The manor remained under the control of religious houses until the Dissolution of the Monasteries and shortly afterwards, in 1543, Henry VIII forced Andrew, First Baron Windsor, to give him the estate of Stanwell in Middlesex in exchange for Minchinhampton. In 1656 Samuel Sheppard purchased the property, enlarging the house of the steward near the church. The Gloucestershire historian Sir Robert Atkyns describes the house and “a spacious grove of high trees in a park adjoining to it, which is seen at a great distance.” An engraving by Kip illustrating this account shows a typical Cotswold gabled, stone-built house with a walled pleasure ground almost surrounding it. The park to the north had been demesne land belonging to the Lord of the Manor.
Another member of the Sheppard family, Philip, built the Market House in 1698. Samuel Rudder described Minchinhampton a century later: “Within the parish, is a little town of the same name, with a market on Tuesdays, and two fairs in the year viz. one held on Trinity Monday, and the other on the 29th of October … The town consists of four streets, in the form of a cross, with three market houses, one of which was built in the year 1700 (sic) for storing of wool and yarn, in expectation of establishing a great mart for those commodities, as the town is well situated for that purpose in a great clothing country; but it seems not to have fully answered the design”
Minchinhampton is an excellent example of a small Cotswold town. Many of the buildings date from the C17th and C18th; these were the great days of the woollen cloth industry that saw the area assume a national importance. In the 1790s there was rapid growth due to the expansion in hand weaving, and at least seventy cottages were built on land taken from the common between Rodborough and Box at this time. Gradually the open stalls of the Tuesday market gave way to more permanent shops. There is evidence that the butchers’ shambles were located along the southern side of the churchyard, and most of the shops were positioned in the High Street (as they are now!) The cruciform pattern of the main streets relates to the crossing of two roads, from Stroud south to Tetbury and Bath and east to Cirencester and London.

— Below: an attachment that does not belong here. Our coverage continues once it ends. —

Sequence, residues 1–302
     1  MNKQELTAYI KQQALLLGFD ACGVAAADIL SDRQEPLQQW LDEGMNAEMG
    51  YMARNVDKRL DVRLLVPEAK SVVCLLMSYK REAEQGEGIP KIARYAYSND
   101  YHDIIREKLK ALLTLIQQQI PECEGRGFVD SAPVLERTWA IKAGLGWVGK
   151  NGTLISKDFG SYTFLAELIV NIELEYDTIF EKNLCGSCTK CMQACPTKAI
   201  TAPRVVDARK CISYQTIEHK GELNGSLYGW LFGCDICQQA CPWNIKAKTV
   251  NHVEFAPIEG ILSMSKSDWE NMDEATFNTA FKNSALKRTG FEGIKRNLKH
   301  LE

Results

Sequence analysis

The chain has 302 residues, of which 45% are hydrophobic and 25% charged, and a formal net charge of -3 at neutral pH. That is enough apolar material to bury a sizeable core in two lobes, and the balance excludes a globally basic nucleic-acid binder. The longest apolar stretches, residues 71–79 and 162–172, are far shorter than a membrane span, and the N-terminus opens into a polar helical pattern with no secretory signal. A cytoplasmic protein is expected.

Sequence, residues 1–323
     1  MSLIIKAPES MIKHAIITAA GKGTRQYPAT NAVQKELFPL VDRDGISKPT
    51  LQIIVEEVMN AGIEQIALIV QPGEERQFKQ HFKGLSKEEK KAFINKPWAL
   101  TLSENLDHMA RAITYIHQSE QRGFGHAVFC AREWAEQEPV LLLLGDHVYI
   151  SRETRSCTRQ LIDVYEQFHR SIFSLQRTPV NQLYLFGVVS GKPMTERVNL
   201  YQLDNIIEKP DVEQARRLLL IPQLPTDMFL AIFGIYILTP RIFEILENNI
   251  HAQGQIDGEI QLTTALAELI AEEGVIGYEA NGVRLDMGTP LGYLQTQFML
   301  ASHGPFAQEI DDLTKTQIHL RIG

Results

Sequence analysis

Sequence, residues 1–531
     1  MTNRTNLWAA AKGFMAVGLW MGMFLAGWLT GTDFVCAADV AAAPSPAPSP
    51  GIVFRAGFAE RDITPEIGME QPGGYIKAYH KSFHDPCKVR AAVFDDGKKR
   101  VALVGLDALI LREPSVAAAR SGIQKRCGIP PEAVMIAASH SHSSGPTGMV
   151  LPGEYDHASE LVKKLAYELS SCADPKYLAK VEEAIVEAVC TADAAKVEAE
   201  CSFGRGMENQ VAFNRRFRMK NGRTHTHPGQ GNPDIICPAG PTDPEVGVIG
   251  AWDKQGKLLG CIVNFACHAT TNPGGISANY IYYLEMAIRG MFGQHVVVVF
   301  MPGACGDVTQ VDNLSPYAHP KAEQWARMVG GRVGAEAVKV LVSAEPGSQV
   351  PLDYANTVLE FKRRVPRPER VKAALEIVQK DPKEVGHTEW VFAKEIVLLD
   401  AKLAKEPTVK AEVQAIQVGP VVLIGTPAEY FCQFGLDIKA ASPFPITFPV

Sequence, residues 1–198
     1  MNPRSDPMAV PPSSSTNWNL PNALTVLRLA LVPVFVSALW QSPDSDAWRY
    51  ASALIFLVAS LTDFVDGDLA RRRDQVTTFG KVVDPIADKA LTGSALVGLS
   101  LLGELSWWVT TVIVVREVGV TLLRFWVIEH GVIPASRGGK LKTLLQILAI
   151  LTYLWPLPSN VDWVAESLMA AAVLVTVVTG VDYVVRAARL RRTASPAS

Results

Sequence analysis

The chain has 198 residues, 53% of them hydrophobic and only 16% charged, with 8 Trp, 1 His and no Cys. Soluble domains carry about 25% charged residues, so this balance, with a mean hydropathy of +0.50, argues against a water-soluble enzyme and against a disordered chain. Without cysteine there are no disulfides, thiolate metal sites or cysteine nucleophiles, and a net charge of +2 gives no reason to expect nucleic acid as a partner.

In addition to the trade in wool, a demand grew for the Oolitic Limestone, and there is abundant evidence of local quarrying. Farm produce also found a ready market in the growing cities of industrial England. When first the canal, then the new turnpike road and finally the Great Western Railway were constructed in the Golden Valley, Minchinhampton lost its locational advantages, but lack of growth meant that many of the older houses have remained unencumbered by Victorian additions. In the High Street are the crooked gables of the former White Hart, and opposite the fine Greylands, which was once home to the widow of Anthony Trollope. The Cotswold Club, though much altered, is a C17th house, and even earlier are Arden House and Arden Cottage, with the archway between them showing carved Tudor roses.
By the mid-eighteenth century the Sheppard family, whose memorials can be seen in the churchyard, found their mansion to be draughty, outdated and difficult to maintain. Edward Sheppard chose to build a new house for his family at Gatcombe Park in 1774, preferring the rural location to that of his old property in the centre of Minchinhampton, thus distancing himself from the day-to-day affairs of the town, as did many of his contemporaries elsewhere in Gloucestershire. In the early C19th is was stated that Gatcombe “is placed on the ascent of a narrow valley, bounded by high beech wood … The house looks down on a spacious and fine lawn, which terminates in waters, expanded by the hand of art to an ornamental breadth of space. The present elegant house is a well-proportioned and spacious mansion, handsome on the exterior and internally well designed and arranged”.
The building costs of the new mansion were, however, a drain on the resources of the Sheppard family, and Gatcombe Park passed out of their hands into those of the Ricardo family, who continued as Lords of the Manor into the twentieth century. George Basevi, who was also responsible for the Fitzwilliam Museum in Cambridge, designed the curving conservatory for David Ricardo, the eminent economist; this distinctive feature is recognised by all those who attend the three-day events held in the park by the current owner, H.R.H. the Princess Royal.